One former Marine from Florida has tackled depression and disability but has yet to find an obstacle she can't overcome.
Angela Madsen, 52, who became a paraplegic after she was the victim of a botched back surgery while in the Marine Corps, will compete in two Paralympics events during this year's games in London, the Long Beach Post reports.
While Madsen's disability resulted in extreme hardship, her refusal to give up has landed her spots on the U.S. Paralympic shot-put and javelin teams, according to the Post. She holds the world record in the shotput and the American record in the javelin.
"I don't have any regrets about anything. If I could go back and change anything I wouldn't," Madsen told NBC News. "I'm very, very satisfied with the life that I have now."
And the inspiring athlete has every right to be.
Madsen lost her job, spouse, and even home as a result of her disability.
"I ended up homeless, kept my things in a locker at Disneyland," she recalls. "Happiest place on Earth, right?"
But thanks to her incredible ambition, Madsen did not simply persevere throughout such hardship -- rather, she grew.
"I started taking responsibility," she said to NBC. "[I] started making the changes and decisions to move positively forward in my life."
She boasts six Guinness World Records for rowing oceans, including making history as the first woman both to row across the Indian Ocean, and to circumnavigate Great Britain in a crew of four. The athlete, additionally, holds the world record in shot-put and the U.S. record in javelin, according to the Long Beach Post.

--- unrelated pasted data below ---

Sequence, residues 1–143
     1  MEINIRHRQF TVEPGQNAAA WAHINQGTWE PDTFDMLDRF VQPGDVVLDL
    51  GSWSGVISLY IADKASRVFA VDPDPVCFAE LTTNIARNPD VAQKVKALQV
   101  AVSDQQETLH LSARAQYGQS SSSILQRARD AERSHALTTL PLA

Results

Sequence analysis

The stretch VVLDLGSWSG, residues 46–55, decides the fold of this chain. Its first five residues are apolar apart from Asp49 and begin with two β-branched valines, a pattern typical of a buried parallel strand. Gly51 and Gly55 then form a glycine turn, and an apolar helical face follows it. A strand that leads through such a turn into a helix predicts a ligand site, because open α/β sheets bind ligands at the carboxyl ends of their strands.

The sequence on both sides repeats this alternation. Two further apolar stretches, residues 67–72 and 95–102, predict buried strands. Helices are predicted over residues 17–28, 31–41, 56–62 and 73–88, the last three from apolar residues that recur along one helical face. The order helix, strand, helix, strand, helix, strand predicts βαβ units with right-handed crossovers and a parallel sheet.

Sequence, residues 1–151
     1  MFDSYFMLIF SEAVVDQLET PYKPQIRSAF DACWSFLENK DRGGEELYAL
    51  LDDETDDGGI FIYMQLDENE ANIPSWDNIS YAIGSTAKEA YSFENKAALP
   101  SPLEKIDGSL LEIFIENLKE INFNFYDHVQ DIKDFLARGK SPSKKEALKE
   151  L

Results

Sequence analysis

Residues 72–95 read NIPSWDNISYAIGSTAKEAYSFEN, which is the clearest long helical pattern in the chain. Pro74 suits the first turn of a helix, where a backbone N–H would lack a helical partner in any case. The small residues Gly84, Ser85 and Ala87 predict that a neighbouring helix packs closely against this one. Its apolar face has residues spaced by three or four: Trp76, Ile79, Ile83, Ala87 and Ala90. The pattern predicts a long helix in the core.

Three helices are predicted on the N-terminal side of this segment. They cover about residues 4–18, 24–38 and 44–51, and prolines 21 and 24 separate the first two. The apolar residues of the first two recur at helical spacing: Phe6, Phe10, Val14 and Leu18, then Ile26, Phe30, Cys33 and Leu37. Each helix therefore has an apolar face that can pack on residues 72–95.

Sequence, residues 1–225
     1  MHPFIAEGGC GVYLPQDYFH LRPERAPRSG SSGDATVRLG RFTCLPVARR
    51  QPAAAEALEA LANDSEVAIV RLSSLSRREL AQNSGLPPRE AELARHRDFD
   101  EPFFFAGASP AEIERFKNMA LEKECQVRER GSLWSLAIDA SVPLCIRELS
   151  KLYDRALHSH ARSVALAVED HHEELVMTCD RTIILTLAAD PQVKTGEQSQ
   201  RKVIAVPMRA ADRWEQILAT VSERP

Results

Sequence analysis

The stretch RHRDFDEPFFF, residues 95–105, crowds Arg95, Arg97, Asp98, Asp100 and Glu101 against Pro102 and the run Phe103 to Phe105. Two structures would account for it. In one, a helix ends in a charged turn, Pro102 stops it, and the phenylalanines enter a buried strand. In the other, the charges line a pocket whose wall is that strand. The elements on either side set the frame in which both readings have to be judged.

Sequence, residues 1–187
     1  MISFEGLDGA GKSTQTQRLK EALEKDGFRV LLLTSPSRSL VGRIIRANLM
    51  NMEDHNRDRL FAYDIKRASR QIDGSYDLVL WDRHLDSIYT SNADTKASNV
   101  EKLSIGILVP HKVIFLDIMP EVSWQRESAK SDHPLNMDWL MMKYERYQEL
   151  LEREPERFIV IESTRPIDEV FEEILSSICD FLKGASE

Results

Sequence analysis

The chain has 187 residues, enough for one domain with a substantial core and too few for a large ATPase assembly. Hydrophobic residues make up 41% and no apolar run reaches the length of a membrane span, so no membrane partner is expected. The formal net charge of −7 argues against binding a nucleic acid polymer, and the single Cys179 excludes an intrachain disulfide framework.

But despite such success, she explains that simply participating in the Paralympics will be thrilling enough.
"It's just a great experience to be in the Paralympics with all the other athletes, from all the other countries…just to get [t]here you have to have sacrificed."
Though few others have sacrificed as much as Madsen, her inspiring ability to maintain a positive attitude throughout such adversity has led to her success.
She explains, "Self doubt motivates me because as soon as I doubt myself, then I have to challenge myself to see if I can," she told NBC. "My whole definition of disability is somebody who doesn't believe they can, and doesn't try."
RELATED: Click through the slideshow below to read the stories of five inspiring Paralympians who were injured in combat.